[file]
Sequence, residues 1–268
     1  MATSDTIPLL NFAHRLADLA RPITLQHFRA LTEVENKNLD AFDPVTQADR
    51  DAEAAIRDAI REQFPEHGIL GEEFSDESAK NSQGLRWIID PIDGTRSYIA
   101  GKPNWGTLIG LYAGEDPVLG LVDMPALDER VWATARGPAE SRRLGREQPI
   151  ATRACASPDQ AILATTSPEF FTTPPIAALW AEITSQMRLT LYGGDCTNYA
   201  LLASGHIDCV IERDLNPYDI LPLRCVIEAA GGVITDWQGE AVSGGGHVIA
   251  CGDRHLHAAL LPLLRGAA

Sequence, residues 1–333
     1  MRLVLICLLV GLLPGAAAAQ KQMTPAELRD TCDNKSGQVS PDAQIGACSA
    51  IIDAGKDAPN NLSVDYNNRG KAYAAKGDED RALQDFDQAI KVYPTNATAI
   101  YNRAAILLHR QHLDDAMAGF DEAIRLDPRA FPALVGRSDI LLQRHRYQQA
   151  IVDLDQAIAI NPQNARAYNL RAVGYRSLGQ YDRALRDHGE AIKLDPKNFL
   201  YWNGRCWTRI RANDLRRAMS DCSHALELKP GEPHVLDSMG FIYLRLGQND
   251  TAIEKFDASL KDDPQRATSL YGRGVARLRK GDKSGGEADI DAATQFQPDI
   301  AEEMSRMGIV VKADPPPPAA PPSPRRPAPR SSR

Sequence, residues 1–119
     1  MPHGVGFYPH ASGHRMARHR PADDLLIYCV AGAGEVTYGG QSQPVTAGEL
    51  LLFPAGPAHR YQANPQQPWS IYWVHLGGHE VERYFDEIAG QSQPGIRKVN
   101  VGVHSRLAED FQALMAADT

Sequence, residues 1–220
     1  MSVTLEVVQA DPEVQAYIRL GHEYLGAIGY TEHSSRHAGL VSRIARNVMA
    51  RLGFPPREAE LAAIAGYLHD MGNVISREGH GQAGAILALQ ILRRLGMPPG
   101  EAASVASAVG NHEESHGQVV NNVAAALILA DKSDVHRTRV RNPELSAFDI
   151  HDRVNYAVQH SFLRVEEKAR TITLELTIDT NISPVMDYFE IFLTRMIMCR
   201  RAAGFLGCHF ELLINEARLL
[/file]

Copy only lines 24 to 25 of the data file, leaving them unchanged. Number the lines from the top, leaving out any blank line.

   151  HDRVNYAVQH SFLRVEEKAR TITLELTIDT NISPVMDYFE IFLTRMIMCR
   201  RAAGFLGCHF ELLINEARLL